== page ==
K11, Shanghai, China
Geng Yini opens her solo exhibition at K11, ‘Perfect Duck Deep Pond’, with a playfully defiant gesture: a stuck out tongue. In Dirty Cabinet (2013) an oversized, textured rendering of this muscle protrudes from the cavity of a dingy bedside table. At once funny and gross, it is an apt welcome to Geng’s world, where unlikely protagonists such as ducks, bananas and bodybuilders star in perplexing painted montages and shrewdly constructed assemblages. Many pieces are embellished with pithy text fragments or Chinese folk sayings, which complicates their interpretation; the result is a body of work that alternately amuses, intrigues and disturbs.
The large-scale diptych Amazing Duck Deep Pond (2017) exemplifies Geng’s talent for turning negligible subjects into noteworthy ones. Here a gargantuan duck floats peacefully on a tiny pond amid bucolic surroundings complete with mountains and a sunset. With subtle differences in detail, the background landscape is mirrored, resulting in twin waterfalls that flank the fowl, while two painted characters – 惊奇 (amazing) – hover in the foreground on the right side. With its surreal subject, Rorschach-like setting and hyperbolic, incantatory text, the work seems to be attempting, not entirely unsuccessfully, to hypnotize its viewer.
In an equally bizarre tableau, Life Winners (2017), three characters play cards with an egg-headed figure whose boss status is literally inscribed on the back of his balding cranium. The players’ expressions range from relaxed to devious and a classic Chinese proverb translating as ‘life and death are determined by fate; rank and riches are decreed by heaven’ is inscribed within, setting the tone for the picture. The folk-wisdom pronouncement of preordination trumps any scheming taking place in the game. It is unclear whether the boss is the arbiter or benefactor of fate here, but it is surprising that such an ostensibly lighthearted scene broaches the weighty question of fate versus free will.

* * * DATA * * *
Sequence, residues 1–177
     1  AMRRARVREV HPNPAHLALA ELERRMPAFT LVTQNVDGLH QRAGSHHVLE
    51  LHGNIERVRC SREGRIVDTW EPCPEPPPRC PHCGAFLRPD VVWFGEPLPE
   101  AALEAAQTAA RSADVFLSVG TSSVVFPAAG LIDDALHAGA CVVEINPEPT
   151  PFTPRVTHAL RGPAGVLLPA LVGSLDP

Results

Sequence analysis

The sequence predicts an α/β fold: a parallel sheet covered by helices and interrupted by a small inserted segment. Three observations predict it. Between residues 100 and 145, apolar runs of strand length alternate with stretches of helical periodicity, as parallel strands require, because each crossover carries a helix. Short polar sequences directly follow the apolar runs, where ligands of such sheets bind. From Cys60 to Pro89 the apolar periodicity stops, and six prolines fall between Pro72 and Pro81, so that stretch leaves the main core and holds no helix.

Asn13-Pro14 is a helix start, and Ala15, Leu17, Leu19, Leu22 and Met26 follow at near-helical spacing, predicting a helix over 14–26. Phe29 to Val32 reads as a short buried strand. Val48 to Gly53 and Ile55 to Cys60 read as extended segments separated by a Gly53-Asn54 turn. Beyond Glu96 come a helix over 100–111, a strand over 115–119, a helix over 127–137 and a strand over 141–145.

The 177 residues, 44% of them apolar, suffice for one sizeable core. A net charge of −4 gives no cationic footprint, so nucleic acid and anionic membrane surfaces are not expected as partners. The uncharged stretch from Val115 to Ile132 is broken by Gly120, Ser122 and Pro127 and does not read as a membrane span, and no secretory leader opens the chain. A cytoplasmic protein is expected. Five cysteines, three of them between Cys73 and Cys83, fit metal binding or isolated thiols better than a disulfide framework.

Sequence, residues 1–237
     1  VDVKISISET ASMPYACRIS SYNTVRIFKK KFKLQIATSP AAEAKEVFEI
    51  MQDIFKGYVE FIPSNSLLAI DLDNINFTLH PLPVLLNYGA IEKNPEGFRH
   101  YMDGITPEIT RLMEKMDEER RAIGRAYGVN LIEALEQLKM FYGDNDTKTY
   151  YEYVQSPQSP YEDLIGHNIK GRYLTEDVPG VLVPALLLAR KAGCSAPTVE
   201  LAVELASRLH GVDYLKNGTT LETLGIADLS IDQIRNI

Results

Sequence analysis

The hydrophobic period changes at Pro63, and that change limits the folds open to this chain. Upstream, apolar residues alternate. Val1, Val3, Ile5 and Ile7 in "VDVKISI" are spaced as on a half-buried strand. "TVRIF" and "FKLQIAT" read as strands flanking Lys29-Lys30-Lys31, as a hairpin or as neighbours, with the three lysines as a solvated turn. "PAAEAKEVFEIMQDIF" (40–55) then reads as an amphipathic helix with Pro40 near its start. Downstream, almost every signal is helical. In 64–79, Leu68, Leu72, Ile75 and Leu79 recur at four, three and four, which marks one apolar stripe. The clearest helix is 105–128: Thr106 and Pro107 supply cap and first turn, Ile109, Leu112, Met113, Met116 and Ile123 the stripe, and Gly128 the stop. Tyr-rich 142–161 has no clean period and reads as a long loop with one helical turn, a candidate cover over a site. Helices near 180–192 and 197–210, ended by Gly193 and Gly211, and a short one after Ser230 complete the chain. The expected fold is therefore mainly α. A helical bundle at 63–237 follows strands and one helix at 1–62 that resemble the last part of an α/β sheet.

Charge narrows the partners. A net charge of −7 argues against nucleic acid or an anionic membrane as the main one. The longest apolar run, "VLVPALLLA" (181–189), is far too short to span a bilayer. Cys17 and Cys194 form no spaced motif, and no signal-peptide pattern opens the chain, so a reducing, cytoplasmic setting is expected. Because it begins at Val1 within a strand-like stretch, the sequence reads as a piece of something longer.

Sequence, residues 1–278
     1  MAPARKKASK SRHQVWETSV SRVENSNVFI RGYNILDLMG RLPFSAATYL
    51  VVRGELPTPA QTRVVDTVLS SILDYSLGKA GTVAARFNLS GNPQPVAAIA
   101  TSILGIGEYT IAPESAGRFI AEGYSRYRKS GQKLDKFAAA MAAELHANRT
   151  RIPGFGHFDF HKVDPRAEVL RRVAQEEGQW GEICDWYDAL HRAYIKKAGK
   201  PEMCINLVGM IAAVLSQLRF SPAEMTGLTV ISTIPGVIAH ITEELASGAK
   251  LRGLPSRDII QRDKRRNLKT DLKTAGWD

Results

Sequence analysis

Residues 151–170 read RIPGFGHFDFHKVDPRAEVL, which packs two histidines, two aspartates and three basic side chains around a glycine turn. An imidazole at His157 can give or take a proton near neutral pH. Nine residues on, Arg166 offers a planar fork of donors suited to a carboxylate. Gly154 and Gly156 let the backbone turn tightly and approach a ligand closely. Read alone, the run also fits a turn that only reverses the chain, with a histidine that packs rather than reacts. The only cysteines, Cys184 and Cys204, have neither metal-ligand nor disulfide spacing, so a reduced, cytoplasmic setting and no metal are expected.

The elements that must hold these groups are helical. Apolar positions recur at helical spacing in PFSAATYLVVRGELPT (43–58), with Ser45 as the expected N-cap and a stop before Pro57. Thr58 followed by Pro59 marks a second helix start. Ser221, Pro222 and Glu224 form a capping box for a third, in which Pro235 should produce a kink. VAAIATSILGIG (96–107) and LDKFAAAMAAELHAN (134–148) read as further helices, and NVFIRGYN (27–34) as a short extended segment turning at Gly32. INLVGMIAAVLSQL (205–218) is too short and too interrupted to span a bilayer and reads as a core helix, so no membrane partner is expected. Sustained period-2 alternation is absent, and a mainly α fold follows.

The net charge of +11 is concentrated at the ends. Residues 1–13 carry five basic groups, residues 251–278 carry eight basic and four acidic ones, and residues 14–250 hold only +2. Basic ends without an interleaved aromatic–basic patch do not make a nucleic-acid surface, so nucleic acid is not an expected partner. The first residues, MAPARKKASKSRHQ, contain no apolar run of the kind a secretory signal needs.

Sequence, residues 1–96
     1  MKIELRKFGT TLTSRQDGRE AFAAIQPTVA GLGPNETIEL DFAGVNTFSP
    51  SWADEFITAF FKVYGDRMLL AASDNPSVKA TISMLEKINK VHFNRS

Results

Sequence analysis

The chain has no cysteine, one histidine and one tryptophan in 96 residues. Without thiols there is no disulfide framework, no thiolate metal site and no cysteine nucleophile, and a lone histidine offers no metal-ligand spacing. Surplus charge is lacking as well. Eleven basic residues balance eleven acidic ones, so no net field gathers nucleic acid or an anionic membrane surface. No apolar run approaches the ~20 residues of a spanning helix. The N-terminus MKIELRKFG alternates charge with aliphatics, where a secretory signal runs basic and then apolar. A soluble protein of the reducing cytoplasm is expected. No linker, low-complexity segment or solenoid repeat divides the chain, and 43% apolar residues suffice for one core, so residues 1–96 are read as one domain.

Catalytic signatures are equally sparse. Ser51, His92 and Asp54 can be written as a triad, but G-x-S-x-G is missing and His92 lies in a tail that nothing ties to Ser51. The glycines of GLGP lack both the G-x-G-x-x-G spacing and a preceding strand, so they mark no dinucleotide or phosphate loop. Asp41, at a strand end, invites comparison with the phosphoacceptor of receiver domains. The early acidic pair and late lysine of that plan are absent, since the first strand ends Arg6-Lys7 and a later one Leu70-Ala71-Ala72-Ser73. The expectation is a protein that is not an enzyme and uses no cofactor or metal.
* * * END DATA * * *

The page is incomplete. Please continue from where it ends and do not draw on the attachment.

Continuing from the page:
Geng’s works are generally goofy, sentimental or a mix of both but, at times, this is cut through by a more macabre sensibility. In Fault (2012) an opulent interior is rendered in an inviting, warm palette. A framed picture hanging on the wall features a masked face. The incongruous portrait, along with the addition of the word ‘fault’ scrawled in English across the painted surface, imbue the work with a menacing air. In another work, Black Hole I (2017), the artist manages to morph even fruit into something weirdly haunted. Two trompe-l’œil holes interrupt a canvas otherwise occupied entirely by blazing yellow bananas. It seems the dark ripening spots of the fruit have started to threaten the physical support of the picture. Two actual holes have also appeared in the wall that abuts the piece, creating the unnerving impression that the voids possess agency to impact the real.
Visually, the strategies in these paintings are far from novel: the montage format, the play between the illusory and the physical, and the repressed mundane that resurfaces as uncanny are all tropes familiar from surrealism and beyond. Yet, Geng’s eccentricities and the inclusion of cues particular to her environment bring these methodologies into less familiar territory. Certain conventions of social realism – with its schematically modelled figures, textured surfaces and earthy tones punctuated with more strident hues – reverberate in these canvases and enhance their folksy character. In addition, the way the texts recast these pictures brings to mind not only the Chinese tradition of embellishing paintings with poetic inscriptions but also the government-sponsored banners that, still today, punctuate everyday life in China. It is Geng’s ability to conjure such anomalous yet apropos associations that – beyond the dizzying visual fray – makes the works in ‘Perfect Duck Deep Pond’ so engaging.
Main image: Geng Yini, Perfect Duck Deep Pond, 2017, oil on canvas, 1.6 x 2 m. Courtesy: K11, Shanghai